While roads can present weak to complete barriers to wildlife, depending on the animal and traffic volume, mitigations such as under-crossings and green bridges on highways at least partially increase the permeability of the landscape to some of these species. The few studies evaluating the effectiveness of these structures for at least three years typically focused on a single species. Here, we monitored the crossing structure under Boeckman Road, in Wilsonville Oregon, for wildlife activity across summer seasons for ten years, since construction of the road and subsequent opening to traffic. This long-term multi-species dataset, which includes monitoring when the road was closed to traffic has provided a unique opportunity. Wildlife activity was collected using sand track pads monitored during summer seasons from 2009 to 2018. Wildlife activity showed a significant community level response from year to year and species-specific responses to year, vegetation change, disturbance, detection area, and previous experimental additions of artificial light. Black-tailed deer showed a significant negative association with disturbance, i.e. the presence of traffic and construction activity. Average annual detections of coyote, bullfrog, cottontail rabbit, and eastern gray squirrel demonstrate a dramatic but not significant response to the road closure period. In addition, it appears that the transition between species with preferences for lower canopy cover, and those preferring greater canopy cover, co-occurs with the road closure period, particularly in 2013. This is also the year that invasive plant management activities (mowing and spraying) stopped. Long-term studies such as this one can help researchers and managers design monitoring programs to best account for variable responses over time by documenting changes in use and working to identify covariates and interactive effects that may be driving those changes. Managers working on projects where vegetation disturbance or restoration is being conducted next to crossing structures may decide to delay monitoring until vegetation communities and/or habituation responses have had time to stabilize, avoiding erroneous conclusions about structure use.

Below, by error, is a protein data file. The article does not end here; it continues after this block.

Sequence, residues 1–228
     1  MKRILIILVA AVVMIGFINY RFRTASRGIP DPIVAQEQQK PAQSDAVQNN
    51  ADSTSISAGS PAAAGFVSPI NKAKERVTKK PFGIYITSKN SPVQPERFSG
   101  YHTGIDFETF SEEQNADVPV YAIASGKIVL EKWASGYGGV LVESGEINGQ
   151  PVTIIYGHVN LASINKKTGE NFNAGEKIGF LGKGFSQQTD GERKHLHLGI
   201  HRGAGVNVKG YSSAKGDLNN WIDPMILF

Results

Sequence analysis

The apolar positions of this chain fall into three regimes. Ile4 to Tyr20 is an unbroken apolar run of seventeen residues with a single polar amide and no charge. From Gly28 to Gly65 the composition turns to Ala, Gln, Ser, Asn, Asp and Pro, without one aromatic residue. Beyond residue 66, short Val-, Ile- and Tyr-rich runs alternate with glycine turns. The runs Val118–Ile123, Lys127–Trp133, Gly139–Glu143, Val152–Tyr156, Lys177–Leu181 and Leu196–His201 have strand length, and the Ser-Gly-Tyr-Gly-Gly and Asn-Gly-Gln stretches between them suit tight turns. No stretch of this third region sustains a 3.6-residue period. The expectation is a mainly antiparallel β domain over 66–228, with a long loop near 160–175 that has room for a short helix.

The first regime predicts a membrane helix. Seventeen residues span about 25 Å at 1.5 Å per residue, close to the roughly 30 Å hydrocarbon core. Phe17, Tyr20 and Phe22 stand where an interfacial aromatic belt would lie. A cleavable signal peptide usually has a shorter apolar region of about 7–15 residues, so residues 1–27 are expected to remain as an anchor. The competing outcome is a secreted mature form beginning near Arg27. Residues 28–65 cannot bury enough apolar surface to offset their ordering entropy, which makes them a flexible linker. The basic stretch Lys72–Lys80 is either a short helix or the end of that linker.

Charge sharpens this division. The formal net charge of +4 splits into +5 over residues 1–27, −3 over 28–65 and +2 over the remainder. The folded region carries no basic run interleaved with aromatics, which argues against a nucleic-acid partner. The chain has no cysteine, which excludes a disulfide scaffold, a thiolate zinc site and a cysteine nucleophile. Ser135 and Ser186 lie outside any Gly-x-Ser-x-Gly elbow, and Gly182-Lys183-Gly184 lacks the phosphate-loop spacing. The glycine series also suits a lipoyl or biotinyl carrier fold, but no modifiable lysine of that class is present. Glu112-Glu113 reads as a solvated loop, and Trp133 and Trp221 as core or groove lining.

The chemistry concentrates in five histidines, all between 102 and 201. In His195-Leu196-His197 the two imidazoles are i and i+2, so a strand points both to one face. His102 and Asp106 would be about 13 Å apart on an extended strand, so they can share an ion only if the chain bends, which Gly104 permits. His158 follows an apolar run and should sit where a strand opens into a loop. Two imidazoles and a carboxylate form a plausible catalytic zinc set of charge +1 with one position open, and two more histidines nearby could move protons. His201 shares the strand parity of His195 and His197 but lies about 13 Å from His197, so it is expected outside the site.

Roads create barriers to animal movement through collisions and habitat fragmentation. Investigators have attempted to use traffic volume, the number of vehicles passing a point on a road segment, to predict effects to wildlife populations approximately linearly and along taxonomic lines; however, taxonomic groupings cannot provide sound predictions because closely related species often respond differently. We assess the role of wildlife behavioral responses to traffic volume as a tool to predict barrier effects from vehicle-caused mortality and avoidance, to provide an early warning system that recognizes traffic volume as a trigger for mitigation, and to better interpret roadkill data. We propose four categories of behavioral response based on the perceived danger to traffic: Nonresponders, Pausers, Speeders, and Avoiders. Nonresponders attempt to cross highways regardless of traffic volume. Pausers stop in the face of danger so have a low probability of successful crossing when traffic volume increases. Hence, highway barrier effects are primarily due to mortality for Nonresponders and Pausers at high traffic volumes. Speeders run away from danger but are unable to do so successfully as traffic volume increases. At moderate to high volume, Speeders are repelled by traffic danger. Avoiders face lower mortality than other categories because they begin to avoid traffic at relatively low traffic volumes. Hence, avoidance causes barrier effects more than mortality for Speeders and Avoiders even at relatively moderate traffic volumes. By considering a species' risk-avoidance response to traffic, managers can make more appropriate and timely decisions to mitigate effects before populations decline or become locally extinct.